Since I finished my Y1P+ system recently, and it can provide more granular data than by merely looking at final scores, I'll be using that system instead of my main system for weekly grades for the rest of the season. Also new this week, I discover that taking screenshots of an existing spreadsheet is a lot faster (and probably easier to read) than re-typing everything.
Highest Graded Teams (Percentile Performance)
THE KING IS DEAD.
No, I'm not talking about Wheaton's "upset" (is it really an upset if you're only a 1 point 'dog?). I'm talking about Mount Union's streak of Top 2 performances in my weekly roundup. Those two Capital touchdowns were just too much to overcome.
I was pretty surprised to see that Concordia-Moorhead took the top honors this week. I mean, Wheaton just beat a Top 5 team by 22--that should count for something, right? But then I noticed that the Cobbers not only beat the Pipers by 45, but did so with only eight offensive drives (excluding end-of-half drives). They outscored Hamline by almost a touchdown per drive. That's like a basketball team outscoring their opponent by more than two points per possession (is it really? I'm not sure. I'm not a basketball guy). Hamline had some success in their first three drives, gaining over 100 yards total before their third drive ended in a fumble, but they didn't get another first down until their last drive of the game. That's what you call a good ol'-fashioned butt-whoopin'!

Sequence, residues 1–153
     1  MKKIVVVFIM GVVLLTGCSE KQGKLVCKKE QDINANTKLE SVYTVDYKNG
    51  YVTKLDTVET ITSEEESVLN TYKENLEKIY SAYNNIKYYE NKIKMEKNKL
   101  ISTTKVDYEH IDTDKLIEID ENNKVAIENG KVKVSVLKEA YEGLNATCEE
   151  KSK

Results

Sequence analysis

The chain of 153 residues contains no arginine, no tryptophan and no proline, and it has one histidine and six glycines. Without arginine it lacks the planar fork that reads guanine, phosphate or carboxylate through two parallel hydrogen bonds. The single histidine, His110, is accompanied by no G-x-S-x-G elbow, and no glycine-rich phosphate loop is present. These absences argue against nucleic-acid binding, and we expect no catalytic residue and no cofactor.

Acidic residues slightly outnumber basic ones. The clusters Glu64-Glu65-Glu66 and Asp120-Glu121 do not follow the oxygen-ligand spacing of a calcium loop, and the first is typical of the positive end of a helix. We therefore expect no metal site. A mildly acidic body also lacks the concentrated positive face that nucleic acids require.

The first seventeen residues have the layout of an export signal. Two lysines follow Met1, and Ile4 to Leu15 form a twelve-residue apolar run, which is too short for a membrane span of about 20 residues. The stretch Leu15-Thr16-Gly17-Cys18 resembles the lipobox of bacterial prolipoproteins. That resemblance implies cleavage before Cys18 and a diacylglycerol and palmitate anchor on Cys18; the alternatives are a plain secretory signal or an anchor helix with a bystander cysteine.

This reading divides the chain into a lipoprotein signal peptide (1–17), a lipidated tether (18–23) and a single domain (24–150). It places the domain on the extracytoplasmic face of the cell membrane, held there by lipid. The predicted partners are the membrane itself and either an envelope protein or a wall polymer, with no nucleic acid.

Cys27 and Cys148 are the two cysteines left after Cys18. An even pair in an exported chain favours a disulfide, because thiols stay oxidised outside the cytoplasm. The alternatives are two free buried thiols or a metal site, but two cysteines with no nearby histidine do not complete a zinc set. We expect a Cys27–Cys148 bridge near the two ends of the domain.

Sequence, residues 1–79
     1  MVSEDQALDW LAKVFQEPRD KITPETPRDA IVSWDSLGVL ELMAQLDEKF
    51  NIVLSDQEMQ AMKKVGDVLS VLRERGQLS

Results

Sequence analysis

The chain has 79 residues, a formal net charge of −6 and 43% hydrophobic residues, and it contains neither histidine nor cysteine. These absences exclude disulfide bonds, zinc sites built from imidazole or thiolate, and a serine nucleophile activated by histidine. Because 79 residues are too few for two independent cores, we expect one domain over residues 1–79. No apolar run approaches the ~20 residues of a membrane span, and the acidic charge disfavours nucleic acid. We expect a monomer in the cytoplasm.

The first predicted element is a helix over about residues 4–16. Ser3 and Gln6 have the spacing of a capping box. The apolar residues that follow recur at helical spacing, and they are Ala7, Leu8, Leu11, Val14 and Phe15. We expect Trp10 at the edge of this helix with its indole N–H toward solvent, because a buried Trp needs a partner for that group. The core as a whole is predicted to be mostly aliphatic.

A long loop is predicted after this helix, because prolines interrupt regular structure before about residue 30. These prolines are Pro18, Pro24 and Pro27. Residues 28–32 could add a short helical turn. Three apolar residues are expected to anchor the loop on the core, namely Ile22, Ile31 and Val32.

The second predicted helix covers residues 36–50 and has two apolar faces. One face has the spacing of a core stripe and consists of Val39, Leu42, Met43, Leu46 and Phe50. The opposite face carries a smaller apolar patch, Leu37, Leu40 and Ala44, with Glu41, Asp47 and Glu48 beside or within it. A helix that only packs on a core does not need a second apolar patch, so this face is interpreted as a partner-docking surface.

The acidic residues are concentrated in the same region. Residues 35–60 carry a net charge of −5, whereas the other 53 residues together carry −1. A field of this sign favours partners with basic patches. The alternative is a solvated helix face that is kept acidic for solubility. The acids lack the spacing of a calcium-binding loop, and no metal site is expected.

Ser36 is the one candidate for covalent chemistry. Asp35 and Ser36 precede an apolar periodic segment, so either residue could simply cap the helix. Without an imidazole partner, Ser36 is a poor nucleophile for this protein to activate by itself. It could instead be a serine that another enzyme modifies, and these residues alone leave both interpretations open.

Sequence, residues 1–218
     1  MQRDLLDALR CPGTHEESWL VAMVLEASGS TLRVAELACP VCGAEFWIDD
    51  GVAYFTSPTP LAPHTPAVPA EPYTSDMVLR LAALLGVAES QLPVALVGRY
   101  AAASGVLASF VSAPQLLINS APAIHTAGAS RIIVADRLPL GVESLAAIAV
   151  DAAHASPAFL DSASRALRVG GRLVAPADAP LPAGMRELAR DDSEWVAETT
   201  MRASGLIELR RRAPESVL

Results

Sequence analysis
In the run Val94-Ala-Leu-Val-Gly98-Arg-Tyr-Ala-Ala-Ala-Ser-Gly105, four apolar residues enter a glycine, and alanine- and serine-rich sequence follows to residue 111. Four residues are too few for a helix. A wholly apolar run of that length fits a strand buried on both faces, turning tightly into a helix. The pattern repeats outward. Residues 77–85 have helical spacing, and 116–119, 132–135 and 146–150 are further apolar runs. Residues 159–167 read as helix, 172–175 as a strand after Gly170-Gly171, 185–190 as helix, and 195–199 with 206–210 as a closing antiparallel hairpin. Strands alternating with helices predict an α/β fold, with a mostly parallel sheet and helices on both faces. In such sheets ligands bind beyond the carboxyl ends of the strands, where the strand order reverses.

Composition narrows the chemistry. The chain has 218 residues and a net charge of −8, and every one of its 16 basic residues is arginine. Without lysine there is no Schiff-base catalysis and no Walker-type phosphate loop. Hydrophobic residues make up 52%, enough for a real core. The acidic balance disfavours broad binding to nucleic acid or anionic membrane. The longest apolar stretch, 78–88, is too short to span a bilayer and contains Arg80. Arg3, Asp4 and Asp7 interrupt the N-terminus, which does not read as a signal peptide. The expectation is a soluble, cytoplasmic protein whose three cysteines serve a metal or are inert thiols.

Wheaton is an interesting team this year. When they aren't losing games in the last second, they've been playing like the second-best team in the country. Seriously, if you removed their two losses from either of my models, the Thunder would rank second in the country right now behind Mount Union, ahead of both UWO and UMHB. I didn't get a chance to watch the first half of their game against North Central on Saturday, but they looked explosive and dynamic on both sides of the ball against North Central Monday. They were consistently getting big plays on offense, and putting pressure on Broc Rutter on defense. With two losses, they seem like a long shot to get into the playoffs, but if they do, I wouldn't rule out a couple wins considering how they played on Monday.
Highest Graded Offenses (Percentile Performance)
Mount Union basically had their way with Capital, hardly needing more than just a handful of plays to score each drive, but Capital ranks around #200 is the country in defense, depending on if you like my traditional ratings (#194) or Y1P+ Ratings (#218). Redlands, on the other had, has been hovering in the upper-40's or lower-30's of my defensive ratings all year, and Chapman dissected them to the tune of 414 yards on 21-of-29 passing. Even including their one sack for 5 yards lost, that's a ludicrous 13.63 yards per dropback. While that's not the best mark in that category this week (Southwestern had 16.69 vs. Belhaven), it was against a good defense.
Carnegie Mellon's offense would also like to have a word with Case Western's hype train. The Terriers (umm.. Tartans, sorry) ended CWRU's playoff hopes last season, and if they can sustain the level of play they showed this week until their Armistice Day showdown with the Spartans, they look poised to do so again.